Traditional Aboriginal Diets and Health
Understanding Chronic Disease and the Role for Traditional Approaches in Aboriginal Communities
Promoting Aboriginal vision health - posters and pamphlets
Eating well with Canada's Food guide - First Nations, Inuit and Métis
Aboriginal Nutrition Network
First Nations Food, Nutrition and Environment Study
December 2011 - Cynthia Munger's always got something on the stove in her home community in northern BC. This year, she was counting on local hunters to provide two moose so that she could smoke meat and prepare moose meat stew - with as many people in the community as she could round up. Her willingness to cook with young mothers and Elders in her Stellaten First Nation community has proven so popular, she's now sharing canning, cooking and healthy eating skills with more than 10 of the communities in the Carrier Sekani territories. She learned her own skills from her grandparents - and especially from her grandmother Marian Luggi, and from her uncles who provided wildlife meat and fish. "We have a huge diabetic population, and the majority of our people have Type II diabetes," said Munger, a community health representative whose dedication to healthy eating education led to national recognition from the National Diabetes Association in 2006. "This is a lifestyle change back to traditional diets." Traditional Aboriginal foods - such as Munger is supporting in her community - offer cultural, social and nutritional benefits that contribute to the health of Aboriginal peoples and communities through a variety of complex pathways. Yet, changed patterns of consumption are increasing the risk amongst Aboriginal peoples of developing cardiovascular disease, diabetes and cancer.
Among the highlights: Evidence indicates a link between dietary factors - such as omega-3, folate, and vitamin B12 - and the mental health of circumpolar people. Studies also show that, although the amount of traditional food consumed over time has declined, groups such as Elders and older Aboriginal people consume 'country food' more than younger people, and hunting and trapping remains a way of life for a third of James Bay Cree.
Factors affecting access to traditional food are complex, and include income, education, social structures, food preferences and accessibility of traditional and market food choices. Issues associated with the traditional sharing of labour in food gathering, or with the cost and requirements for gun licensing associated with hunting activities, are examples of changing social structures that can further limit access.
Country food has also been associated with concerns about environmental contaminants in the food chain. A 10-year First Nations Food, Nutrition and Environment Study currently underway in Canada is working with 100 randomly selected First nations communities across the country to better understand the nutritional and environmental factors affecting health and well-being. Information is being gathered on aspects such as the current use of traditional and store-bought food, food security (availability and affordability of safe nutritious food); the levels of both nutrients and environmental chemicals in many traditional foods; and the presence of heavy metals in drinking water and pharmaceutical by-products in surface water. The results of the first study, which focused on BC and was conducted with the full participation of 21 BC First Nations communities, revealed that although there tend to be higher risks of obesity and related illness in First Nations communities, the risks lessen at times when traditional foods are consumed. The study is funded by Health Canada, with participation from UNBC, the Assembly of First Nations, and the Université de Montréal.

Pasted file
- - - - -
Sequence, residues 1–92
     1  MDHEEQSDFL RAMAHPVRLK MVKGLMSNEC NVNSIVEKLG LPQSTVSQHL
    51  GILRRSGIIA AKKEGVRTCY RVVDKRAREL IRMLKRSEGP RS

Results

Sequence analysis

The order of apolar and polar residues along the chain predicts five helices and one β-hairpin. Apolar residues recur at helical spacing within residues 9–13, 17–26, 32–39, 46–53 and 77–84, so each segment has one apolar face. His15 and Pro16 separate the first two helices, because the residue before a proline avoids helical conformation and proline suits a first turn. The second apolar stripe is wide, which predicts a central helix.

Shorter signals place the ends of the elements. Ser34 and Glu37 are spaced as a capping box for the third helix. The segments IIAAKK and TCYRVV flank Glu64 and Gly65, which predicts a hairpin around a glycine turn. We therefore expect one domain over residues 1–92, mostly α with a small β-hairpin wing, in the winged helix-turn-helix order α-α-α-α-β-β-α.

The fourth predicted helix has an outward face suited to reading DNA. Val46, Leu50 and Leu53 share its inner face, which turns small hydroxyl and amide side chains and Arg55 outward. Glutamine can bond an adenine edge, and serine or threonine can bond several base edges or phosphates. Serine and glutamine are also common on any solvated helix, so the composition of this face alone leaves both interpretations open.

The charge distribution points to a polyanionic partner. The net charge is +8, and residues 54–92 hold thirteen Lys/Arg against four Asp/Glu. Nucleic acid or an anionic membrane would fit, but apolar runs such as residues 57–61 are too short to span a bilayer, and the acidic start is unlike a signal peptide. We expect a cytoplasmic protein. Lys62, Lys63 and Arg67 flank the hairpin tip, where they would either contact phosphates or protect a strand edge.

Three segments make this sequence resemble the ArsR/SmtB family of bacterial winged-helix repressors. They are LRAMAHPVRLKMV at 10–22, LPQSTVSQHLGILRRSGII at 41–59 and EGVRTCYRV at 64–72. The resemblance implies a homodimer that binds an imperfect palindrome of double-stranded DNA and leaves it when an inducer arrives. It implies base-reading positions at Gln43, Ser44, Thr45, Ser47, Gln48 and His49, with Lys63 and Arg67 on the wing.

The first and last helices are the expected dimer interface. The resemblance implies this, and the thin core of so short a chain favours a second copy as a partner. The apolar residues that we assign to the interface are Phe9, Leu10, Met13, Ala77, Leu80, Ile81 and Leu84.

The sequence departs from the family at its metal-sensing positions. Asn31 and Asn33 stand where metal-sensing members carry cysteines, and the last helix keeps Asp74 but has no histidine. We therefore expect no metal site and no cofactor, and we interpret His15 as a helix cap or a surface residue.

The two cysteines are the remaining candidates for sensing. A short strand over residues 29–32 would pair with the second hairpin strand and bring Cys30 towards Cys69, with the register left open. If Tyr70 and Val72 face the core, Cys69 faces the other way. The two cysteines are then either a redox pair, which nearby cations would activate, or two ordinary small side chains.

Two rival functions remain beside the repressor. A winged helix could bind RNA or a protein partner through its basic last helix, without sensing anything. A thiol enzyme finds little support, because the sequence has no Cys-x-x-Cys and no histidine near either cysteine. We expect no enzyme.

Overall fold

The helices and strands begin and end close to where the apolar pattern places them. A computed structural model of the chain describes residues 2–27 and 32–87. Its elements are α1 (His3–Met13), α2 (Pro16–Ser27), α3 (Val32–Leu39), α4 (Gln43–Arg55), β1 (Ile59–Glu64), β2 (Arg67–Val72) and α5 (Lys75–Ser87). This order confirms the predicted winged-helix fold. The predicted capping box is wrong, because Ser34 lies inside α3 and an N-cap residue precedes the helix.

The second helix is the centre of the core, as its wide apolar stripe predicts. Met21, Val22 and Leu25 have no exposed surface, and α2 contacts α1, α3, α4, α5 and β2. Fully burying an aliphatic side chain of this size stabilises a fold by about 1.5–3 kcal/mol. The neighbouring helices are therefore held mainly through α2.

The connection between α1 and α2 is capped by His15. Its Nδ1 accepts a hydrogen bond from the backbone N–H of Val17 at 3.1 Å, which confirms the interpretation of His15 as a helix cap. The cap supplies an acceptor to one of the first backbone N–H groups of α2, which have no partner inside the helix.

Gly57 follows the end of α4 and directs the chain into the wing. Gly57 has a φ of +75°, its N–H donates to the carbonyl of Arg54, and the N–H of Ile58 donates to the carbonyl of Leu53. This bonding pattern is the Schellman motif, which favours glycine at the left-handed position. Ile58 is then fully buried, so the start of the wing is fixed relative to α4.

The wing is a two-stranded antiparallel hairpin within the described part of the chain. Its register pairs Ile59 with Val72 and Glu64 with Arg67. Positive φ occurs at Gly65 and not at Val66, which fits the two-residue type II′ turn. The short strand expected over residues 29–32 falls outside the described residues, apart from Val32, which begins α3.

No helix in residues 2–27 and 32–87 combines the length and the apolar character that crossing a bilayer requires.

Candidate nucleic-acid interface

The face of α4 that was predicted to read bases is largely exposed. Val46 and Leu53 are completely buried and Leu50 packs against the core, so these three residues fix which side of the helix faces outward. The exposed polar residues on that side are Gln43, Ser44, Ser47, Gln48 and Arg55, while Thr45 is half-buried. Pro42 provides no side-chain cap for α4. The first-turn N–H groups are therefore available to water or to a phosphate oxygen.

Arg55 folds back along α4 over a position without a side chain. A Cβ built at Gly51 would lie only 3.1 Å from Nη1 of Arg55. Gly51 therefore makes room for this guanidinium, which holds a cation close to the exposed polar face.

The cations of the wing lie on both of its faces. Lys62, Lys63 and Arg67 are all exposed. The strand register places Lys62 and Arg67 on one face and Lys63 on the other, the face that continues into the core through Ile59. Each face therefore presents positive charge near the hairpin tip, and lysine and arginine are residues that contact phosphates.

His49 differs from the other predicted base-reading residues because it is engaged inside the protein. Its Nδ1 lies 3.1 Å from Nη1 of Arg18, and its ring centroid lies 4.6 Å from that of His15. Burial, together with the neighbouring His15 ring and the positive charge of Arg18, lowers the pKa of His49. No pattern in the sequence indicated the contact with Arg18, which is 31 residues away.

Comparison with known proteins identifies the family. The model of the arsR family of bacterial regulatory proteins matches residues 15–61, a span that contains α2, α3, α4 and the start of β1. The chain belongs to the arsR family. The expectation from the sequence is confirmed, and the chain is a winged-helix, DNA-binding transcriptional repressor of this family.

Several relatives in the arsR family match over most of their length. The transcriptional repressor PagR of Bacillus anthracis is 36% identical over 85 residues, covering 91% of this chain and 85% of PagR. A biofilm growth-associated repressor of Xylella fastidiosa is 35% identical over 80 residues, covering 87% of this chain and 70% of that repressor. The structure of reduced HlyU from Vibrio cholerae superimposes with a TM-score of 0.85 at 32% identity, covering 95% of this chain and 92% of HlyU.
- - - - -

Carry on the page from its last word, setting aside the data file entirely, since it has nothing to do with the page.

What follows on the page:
The Centre for Indigenous Peoples' Nutrition and Environment (CINE), affiliated with McGill University, is another initiative aiming to address concerns about the integrity of traditional food systems. As noted in the NCCAH report, the Inuit community of Pangnirtung has been part of a CINE-associated project encouraging a return to a healthy diet of country food like seal, caribou, narwhal and beluga. Pangnirtung is one of 12 Indigenous communities, including the Gwich'in in the Northwest Terriotories and the Nuxalk Nation in BC, that are using traditional knowledge, story telling and country food to support returns to healthy diets. Project findings were published in a book: Indigenous Peoples" Food Systems: the many deminsions of culture, diversity and environment for nutrition and health (Rome: Food and Agriculture Organization of the United Nations and CINE, 2009).
As illustrated in our NCCAH slideshow above, country food is increasingly a feature of community events and services - whether in rural First Nations communities, at Inuit gatherings in downtown Ottawa, or at leading hospitals like Sioux Loukout's Meno Ya Win Health Centre where patients are offered caribou stew and other traditional foods as part of a culturally relevant approach to health.